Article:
Maureen Dowd and Thomas Carlyle
Dowd wrote a really insipid column yesterday that everyone is piling on, so perhaps this is a little unoriginal of me, but so be it. There's a point that needs making.
She wrote that the failure of the gun bill in the Senate was Obama's fault because he doesn't lead and "no one is scared of him." At the same time that he was supposed to scare people, he was also, she writes, supposed to be nicer to them--calling Tom Coburn to say come on, Tom, you're retiring anyway, take one for the team, or country.
Naturally, Obama is supposed to be more like LBJ. Well, it is true that LBJ was almost surely scarier, to some people anyway, than Obama is. But is that what got all that domestic legislation passed, really?
Or might it have had something to do with the fact that the Congress that passed all those things was the most Democratic Congress in all of history? Kevin Drum made that point. But the point I wish to emphasize is that that Congress was also full to bursting of Republican moderates.
The Medicare and Medicaid act of 1965 was supported by just more than half of House Republicans (70-68) and by 43 percent of GOP senators (13 out of 30). I can gurantee you, if today's GOP congressional delegations were ideologically the same as the ones Johnson faced, Dowd would be turning somersaults saying that Obama was the greatest thing since Frederick the Great, because he'd have passed gun legislation and a greenhouse gas emissions bill of some form or another and all kinds of things.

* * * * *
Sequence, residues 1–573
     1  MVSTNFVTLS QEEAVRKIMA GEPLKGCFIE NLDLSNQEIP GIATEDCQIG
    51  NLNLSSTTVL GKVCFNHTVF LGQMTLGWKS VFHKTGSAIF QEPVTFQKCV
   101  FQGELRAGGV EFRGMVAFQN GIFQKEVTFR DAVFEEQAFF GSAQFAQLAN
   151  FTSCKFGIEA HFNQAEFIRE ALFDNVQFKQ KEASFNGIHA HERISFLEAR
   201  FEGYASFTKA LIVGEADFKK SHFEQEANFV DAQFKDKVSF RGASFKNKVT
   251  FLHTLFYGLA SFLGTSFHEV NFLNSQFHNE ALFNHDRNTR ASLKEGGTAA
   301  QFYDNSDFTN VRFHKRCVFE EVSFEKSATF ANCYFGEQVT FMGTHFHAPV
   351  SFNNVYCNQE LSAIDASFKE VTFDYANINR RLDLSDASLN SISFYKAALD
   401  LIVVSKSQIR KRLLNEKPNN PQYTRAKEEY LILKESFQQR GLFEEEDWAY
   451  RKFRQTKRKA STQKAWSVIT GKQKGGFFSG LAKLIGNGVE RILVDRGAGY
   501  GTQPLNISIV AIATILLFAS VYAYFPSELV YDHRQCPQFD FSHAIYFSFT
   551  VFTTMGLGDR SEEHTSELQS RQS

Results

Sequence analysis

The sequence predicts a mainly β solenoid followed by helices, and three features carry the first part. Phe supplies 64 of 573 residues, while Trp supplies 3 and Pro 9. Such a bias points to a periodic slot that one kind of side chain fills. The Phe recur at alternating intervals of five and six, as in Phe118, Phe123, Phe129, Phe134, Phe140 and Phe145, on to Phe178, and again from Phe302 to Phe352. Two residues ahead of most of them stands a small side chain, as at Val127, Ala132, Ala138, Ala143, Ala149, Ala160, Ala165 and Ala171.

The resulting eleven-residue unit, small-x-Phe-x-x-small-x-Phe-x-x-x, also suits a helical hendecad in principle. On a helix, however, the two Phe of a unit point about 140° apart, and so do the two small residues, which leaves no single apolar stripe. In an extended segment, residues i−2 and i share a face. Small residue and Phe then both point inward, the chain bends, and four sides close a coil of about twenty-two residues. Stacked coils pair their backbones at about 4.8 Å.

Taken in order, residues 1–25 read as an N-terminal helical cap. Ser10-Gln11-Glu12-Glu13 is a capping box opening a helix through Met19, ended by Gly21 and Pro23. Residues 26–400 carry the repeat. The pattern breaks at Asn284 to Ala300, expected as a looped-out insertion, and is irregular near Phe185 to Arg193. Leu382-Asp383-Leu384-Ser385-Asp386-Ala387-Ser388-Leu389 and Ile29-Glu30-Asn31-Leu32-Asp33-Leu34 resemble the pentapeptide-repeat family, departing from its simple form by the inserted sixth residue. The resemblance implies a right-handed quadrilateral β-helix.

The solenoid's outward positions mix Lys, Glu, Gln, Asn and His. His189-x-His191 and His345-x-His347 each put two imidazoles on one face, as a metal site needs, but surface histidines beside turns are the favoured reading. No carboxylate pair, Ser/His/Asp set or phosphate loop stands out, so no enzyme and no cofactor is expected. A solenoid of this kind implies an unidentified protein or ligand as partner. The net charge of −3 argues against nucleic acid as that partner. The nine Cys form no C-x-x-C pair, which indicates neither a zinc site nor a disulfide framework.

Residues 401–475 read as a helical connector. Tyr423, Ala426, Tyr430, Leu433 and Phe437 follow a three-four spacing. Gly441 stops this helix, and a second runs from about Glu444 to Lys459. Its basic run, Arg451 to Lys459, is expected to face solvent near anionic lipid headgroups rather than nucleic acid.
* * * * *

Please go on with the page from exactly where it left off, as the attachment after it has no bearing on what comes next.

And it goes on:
You'd hope that a New York Times columnist would make even a token effort to follow these debates and keep up with the literature, because it's actually basically become conventional wisdom that the bully pulpit isn't all it's cracked up to be. Ezra Klein reviewed all that here. But it's more fun to wish life could be a Victor Hugo novel.
I am on record as noting that Obama has had moments of abysmal leadership. The debt ceiling fiasco of 2011 and the failure to do anything during the 2010 midterm elections stand out to me. So it's not as if he can do no wrong. But the idea that some nebulous force of will could have flipped six votes is completely extraterrestrial.